Re: If the Cosmosphere were on I70....
It's very simple:
The two-digit U.S. Routes follow a simple grid, in which odd-numbered routes run generally north to south and even-numbered routes run generally east to west. (US 101 is considered a two-digit route, its "first digit" being 10.) The numbering pattern for U.S. Routes is the reverse of that for the Interstate Highway numbers—U.S. Routes proceed from low even numbers in the north to high even numbers in the south, and from low odd numbers in the east to high odd numbers in the west. Numbers ending in 0 or 1 (and US 2), and to a lesser extent in 5, were considered main routes in the early numbering, but extensions and truncations have made this distinction largely meaningless. For example, US 6 was until 1964 the longest route (that distinction now belongs to US 20). The Interstate Highway System's numbering grid, which has numbers increasing from west-to-east and south-to-north, is intentionally opposite from the U.S. grid, to keep identically numbered routes apart and to keep them from being confused with one another.
Three-digit numbers are assigned to spurs of two-digit routes. US 201, for example, splits from US 1 at Brunswick, Maine, and runs north to Canada. Not all spurs travel in the same direction as their "parents"; some are only connected to their "parents" by other spurs, or not at all, instead only traveling near their "parents". As originally assigned, the first digit of the spurs increased from north to south and east to west along the "parent"; for example, US 60 junctioned, from east to west, US 160 in Missouri, US 260 in Oklahoma, US 360 in Texas, and US 460 and US 560 in New Mexico. As with the two-digit routes, three-digit routes have been added, removed, extended and shortened; the "parent-child" relationship is not always present. Several spurs of the decommissioned US 66 still exist, and US 191 travels from border to border, while US 91 has been largely replaced by Interstate 15 (I-15).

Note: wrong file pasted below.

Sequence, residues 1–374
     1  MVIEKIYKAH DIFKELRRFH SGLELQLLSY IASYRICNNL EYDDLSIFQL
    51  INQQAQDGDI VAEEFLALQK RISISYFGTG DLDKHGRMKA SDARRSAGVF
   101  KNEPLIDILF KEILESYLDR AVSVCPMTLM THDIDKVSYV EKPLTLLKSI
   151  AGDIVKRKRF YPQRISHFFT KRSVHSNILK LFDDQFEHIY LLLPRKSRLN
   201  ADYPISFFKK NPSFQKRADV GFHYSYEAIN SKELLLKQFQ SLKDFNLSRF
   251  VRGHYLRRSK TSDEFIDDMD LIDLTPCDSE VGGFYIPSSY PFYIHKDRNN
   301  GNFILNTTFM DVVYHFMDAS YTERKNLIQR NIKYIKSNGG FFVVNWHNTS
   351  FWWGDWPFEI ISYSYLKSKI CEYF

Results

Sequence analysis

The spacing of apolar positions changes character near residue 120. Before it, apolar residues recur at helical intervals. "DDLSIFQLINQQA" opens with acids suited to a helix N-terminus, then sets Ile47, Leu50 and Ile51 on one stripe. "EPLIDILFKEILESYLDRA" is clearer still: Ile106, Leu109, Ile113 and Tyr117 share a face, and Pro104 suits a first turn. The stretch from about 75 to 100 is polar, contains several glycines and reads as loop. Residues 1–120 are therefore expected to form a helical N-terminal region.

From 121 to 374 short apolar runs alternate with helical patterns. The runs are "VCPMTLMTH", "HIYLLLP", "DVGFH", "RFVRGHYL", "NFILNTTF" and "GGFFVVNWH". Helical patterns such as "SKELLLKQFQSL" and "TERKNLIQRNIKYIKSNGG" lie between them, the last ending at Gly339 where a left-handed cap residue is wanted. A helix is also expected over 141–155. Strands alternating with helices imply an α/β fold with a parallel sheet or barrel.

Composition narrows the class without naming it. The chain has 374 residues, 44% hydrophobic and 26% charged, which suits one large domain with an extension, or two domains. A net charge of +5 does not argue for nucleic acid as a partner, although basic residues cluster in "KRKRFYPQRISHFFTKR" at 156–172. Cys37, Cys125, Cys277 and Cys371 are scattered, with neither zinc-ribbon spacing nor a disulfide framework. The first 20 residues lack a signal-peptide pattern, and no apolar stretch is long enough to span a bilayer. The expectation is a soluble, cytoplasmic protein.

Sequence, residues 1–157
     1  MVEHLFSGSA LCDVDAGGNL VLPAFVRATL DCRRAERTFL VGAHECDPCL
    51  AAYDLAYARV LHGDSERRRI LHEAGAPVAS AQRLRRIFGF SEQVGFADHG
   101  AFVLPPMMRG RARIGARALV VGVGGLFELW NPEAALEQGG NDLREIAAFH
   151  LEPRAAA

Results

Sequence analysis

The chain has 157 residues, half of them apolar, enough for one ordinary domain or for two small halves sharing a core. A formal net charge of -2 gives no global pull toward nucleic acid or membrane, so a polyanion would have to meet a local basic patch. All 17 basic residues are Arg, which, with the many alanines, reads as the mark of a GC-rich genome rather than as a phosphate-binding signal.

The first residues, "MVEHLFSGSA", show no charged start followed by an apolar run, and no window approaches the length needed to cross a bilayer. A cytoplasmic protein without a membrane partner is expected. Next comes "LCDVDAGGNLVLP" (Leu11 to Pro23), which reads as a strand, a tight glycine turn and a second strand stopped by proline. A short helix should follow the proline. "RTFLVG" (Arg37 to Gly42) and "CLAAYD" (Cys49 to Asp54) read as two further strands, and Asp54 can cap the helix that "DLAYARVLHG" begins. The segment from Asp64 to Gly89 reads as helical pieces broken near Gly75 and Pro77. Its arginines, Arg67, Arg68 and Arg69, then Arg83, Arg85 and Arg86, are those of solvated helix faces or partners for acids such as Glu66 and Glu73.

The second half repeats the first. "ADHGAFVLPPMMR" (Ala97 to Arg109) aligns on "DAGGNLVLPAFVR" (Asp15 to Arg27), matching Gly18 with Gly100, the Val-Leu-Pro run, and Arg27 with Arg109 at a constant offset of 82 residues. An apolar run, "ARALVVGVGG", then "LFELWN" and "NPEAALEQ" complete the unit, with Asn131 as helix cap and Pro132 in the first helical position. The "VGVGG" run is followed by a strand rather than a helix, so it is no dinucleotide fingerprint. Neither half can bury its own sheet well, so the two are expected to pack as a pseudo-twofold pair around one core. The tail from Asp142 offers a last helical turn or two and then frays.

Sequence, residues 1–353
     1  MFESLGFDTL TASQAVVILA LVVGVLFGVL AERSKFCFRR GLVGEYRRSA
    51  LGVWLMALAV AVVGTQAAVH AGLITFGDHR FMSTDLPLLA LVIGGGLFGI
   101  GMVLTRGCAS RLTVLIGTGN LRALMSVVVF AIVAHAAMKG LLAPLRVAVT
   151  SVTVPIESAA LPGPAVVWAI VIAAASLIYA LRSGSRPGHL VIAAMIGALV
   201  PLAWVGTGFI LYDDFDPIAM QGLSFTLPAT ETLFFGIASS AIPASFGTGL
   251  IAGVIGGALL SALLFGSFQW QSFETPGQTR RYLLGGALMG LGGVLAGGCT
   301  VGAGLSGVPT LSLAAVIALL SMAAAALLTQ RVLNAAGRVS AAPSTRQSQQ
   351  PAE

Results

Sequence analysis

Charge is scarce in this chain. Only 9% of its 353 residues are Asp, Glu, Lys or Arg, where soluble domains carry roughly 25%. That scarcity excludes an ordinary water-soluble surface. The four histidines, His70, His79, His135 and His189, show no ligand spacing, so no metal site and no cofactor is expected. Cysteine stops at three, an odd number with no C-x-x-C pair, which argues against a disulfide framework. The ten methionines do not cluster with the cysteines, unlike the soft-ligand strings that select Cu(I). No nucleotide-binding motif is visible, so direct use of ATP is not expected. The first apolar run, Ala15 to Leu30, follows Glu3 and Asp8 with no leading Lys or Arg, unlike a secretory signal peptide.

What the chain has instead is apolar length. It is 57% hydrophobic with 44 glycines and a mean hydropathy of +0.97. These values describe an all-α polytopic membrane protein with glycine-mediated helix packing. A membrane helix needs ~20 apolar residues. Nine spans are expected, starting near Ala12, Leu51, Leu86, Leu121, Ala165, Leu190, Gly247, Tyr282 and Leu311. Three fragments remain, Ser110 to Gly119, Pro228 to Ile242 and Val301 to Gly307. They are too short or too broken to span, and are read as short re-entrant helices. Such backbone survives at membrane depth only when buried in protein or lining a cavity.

Several routes approved since 1980 do not follow the numbering pattern:
US 400, approved in 1994, has no "parent" since there is no US 0 or US 100.
US 412, approved c. 1982, is nowhere near US 12.
US 425, approved in 1989, is nowhere near US 25.
In addition, US 163, designated in 1970, is nowhere near US 63. The short US 57, approved c. 1970, connects to Federal Highway 57 in Mexico, and lies west of former US 81.
While AASHTO guidelines specifically prohibit Interstate Highways and U.S. Routes from sharing a number within the same state (which is why there are no Interstates 50 or 60), the initial Interstate numbering approved in 1958 violated this with I-24 and US 24 in Illinois and I-40, I-80, US 40 and US 80 in California (US 40 and US 80 were removed from California in its 1964 renumbering). Some recent and proposed Interstates, some of them out-of-place in the grid, also violate this: I-41 and US 41 in Wisconsin (which will run concurrently), I-49 and US 49 in Arkansas, I-69 and US 69 in Texas, and I-74 and US 74 in North Carolina (which run concurrently).
Some two-digit numbers have never been applied to any U.S. Route, including 39, 47, 86 and 88.